Cover image for The poor belong to us : Catholic charities and American welfare
The poor belong to us : Catholic charities and American welfare
Brown, Dorothy M. (Dorothy Marie), 1932-
Publication Information:
Cambridge, Mass. : Harvard University Press, 1997.
Physical Description:
viii, 284 pages ; 24 cm
Reading Level:
1560 Lexile.
Added Author:
Format :


Call Number
Material Type
Home Location
Item Holds
BX2347.8.P66 B76 1997 Adult Non-Fiction Central Closed Stacks

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Between the Civil War and World War II, Catholic charities evolved from volunteer and local origins into a centralized and professionally trained workforce that played a prominent role in the development of American welfare. Dorothy Brown and Elizabeth McKeown document the extraordinary efforts of Catholic volunteers to care for Catholic families and resist Protestant and state intrusions at the local level, and they show how these initiatives provided the foundation for the development of the largest private system of social provision in the United States.

Author Notes

Dorothy M. Brown is Professor of History at Georgetown University
Elizabeth McKeown is Professor of History of Christianity at Georgetown University

Reviews 1

Choice Review

Responding to both the increased numbers of Catholic poor and the anti-Catholic charity campaigns of Protestant reformers during the late 19th century, Catholics developed a network of institutions and services designed to take care of their coreligionists. Activism soon generated debates over professionalization, as Catholic "providers" contended with the new ideas of professional social workers and centralization and vied with local Catholic bishops over control of diocesan charity institutions, services, and funding. As the leadership of Catholic charities realized that access to policy making at all levels was essential for continued public financial support, Catholic charity work became increasingly politicized. In learning to advance their interests in the forum of national pressure group politics during the 1930s, Catholics positioned themselves to have a significant influence on New Deal programs affecting families and children. Although narrowly focused, this institutional history is valuable for underscoring the importance of the private sector in American welfare and for adding a Catholic dimension to recent welfare scholarship. Upper-division undergraduates and above. S. L. Piott; Clarion University of Pennsylvania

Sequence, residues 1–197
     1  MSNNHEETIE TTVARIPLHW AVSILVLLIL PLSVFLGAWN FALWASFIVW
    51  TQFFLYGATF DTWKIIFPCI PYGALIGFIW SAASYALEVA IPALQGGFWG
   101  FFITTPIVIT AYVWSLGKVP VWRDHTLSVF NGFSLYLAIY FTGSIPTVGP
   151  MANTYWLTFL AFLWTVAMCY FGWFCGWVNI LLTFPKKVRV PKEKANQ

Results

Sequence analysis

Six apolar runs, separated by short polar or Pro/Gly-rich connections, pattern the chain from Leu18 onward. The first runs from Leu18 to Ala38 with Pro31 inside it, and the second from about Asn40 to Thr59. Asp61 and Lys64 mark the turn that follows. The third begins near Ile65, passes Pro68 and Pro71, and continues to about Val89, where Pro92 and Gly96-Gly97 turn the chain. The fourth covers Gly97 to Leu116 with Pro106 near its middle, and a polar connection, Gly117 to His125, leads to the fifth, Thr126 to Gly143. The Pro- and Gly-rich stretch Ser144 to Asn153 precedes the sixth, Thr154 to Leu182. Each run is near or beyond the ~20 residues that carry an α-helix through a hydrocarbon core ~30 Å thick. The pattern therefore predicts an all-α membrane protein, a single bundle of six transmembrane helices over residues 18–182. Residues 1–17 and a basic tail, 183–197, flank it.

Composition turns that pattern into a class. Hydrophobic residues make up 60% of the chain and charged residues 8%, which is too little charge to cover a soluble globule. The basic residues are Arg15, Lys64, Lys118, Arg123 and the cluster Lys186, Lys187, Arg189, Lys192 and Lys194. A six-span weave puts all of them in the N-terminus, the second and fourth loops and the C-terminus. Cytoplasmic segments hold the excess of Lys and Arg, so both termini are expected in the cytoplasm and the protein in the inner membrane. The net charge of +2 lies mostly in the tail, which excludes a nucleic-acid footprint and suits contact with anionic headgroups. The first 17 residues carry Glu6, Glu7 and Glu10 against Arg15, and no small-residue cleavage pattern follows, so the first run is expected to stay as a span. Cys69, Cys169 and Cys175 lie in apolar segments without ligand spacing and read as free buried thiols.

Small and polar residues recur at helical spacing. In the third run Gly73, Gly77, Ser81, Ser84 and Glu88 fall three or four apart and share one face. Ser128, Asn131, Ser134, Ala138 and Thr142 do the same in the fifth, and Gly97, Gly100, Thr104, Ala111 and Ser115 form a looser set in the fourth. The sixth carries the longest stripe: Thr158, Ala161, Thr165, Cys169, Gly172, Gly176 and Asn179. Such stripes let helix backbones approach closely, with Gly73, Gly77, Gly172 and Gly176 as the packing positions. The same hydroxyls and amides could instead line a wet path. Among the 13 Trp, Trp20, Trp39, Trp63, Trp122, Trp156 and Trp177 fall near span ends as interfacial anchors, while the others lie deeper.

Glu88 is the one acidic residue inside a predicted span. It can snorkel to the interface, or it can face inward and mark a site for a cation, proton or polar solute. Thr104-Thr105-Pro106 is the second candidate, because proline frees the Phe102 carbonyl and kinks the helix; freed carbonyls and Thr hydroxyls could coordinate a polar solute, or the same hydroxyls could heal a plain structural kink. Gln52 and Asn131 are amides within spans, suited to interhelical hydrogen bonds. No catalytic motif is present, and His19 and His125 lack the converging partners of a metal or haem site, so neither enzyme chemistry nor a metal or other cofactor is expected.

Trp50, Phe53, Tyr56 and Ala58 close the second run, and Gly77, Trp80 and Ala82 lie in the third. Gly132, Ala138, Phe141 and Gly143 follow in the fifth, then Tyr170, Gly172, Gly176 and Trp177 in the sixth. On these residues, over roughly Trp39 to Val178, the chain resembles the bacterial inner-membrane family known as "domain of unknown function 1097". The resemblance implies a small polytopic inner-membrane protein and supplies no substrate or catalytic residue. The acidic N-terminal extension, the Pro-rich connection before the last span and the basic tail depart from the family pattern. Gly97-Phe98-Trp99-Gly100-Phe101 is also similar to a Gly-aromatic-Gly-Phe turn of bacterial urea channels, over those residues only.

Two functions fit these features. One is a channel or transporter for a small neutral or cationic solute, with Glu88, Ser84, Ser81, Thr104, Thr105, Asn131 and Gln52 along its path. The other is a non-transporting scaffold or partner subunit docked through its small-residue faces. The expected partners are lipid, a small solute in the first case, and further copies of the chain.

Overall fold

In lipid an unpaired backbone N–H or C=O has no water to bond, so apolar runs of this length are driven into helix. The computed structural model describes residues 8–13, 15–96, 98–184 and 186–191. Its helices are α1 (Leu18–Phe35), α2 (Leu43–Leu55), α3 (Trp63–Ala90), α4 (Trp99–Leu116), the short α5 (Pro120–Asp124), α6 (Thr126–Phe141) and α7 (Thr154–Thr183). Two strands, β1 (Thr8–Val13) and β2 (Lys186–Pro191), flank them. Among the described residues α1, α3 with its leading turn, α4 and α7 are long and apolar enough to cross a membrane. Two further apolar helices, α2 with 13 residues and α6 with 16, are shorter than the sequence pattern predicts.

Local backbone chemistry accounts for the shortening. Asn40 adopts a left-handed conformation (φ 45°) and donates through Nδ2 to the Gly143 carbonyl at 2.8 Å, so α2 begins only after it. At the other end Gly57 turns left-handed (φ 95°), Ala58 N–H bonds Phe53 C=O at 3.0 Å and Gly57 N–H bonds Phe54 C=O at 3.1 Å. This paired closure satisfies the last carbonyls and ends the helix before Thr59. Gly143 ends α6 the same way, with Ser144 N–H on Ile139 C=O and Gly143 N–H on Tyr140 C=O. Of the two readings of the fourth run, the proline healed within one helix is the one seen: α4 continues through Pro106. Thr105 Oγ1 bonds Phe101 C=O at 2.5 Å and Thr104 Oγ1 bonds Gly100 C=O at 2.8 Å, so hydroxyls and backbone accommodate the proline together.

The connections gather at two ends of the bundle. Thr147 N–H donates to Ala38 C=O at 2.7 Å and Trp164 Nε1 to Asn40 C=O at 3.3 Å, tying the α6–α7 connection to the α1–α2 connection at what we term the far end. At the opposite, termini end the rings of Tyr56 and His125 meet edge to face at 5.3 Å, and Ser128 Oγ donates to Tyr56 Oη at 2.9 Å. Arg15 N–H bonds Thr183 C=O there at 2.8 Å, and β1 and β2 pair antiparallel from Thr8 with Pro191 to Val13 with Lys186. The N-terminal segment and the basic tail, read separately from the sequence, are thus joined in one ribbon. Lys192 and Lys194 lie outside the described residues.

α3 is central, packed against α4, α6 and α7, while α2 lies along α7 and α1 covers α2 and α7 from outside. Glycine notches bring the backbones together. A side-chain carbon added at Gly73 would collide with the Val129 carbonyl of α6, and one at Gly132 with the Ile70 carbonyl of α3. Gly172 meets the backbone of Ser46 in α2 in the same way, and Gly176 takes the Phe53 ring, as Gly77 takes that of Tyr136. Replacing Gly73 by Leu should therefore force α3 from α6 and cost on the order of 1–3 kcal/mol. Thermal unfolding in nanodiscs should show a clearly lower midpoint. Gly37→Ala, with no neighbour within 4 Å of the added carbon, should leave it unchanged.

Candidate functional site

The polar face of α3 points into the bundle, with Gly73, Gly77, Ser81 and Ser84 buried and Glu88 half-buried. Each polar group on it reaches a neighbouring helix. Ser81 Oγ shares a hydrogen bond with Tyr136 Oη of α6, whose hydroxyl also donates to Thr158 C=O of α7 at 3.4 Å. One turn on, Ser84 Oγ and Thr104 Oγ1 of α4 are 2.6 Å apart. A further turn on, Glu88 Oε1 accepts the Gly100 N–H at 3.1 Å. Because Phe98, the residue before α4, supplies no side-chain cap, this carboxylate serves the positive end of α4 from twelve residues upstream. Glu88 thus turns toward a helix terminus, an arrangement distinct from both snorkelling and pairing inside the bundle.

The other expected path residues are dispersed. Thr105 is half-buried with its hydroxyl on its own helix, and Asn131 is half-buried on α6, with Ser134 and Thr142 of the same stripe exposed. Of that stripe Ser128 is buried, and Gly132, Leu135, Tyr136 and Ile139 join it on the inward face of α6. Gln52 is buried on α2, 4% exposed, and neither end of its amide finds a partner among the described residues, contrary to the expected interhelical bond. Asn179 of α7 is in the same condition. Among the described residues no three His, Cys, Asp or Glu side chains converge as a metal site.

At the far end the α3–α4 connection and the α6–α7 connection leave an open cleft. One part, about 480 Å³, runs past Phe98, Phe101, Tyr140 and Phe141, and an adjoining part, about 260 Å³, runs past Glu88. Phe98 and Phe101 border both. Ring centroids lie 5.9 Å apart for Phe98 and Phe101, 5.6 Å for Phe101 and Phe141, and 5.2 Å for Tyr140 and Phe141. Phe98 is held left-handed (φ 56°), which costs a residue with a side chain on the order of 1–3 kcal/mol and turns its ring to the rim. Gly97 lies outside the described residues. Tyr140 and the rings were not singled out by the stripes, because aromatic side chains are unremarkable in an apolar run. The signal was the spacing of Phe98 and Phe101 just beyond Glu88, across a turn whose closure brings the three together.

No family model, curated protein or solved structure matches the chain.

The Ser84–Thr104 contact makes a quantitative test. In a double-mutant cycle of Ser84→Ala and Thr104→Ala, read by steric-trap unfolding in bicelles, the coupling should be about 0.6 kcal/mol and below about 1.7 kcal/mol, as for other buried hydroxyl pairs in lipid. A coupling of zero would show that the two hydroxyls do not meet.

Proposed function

Table of Contents

Acknowledgmentsp. vii
Introductionp. 1
1 The New York Systemp. 13
2 The Larger Landscapep. 51
3 Inside the Institutions: Foundlings, Orphans, Delinquentsp. 86
4 Outside the Institutions: Pensions, Precaution, Preventionp. 120
5 Catholic Charities, the Great Depression, and the New Dealp. 151
Conclusionp. 193
Sourcesp. 199
Notesp. 201
Indexp. 279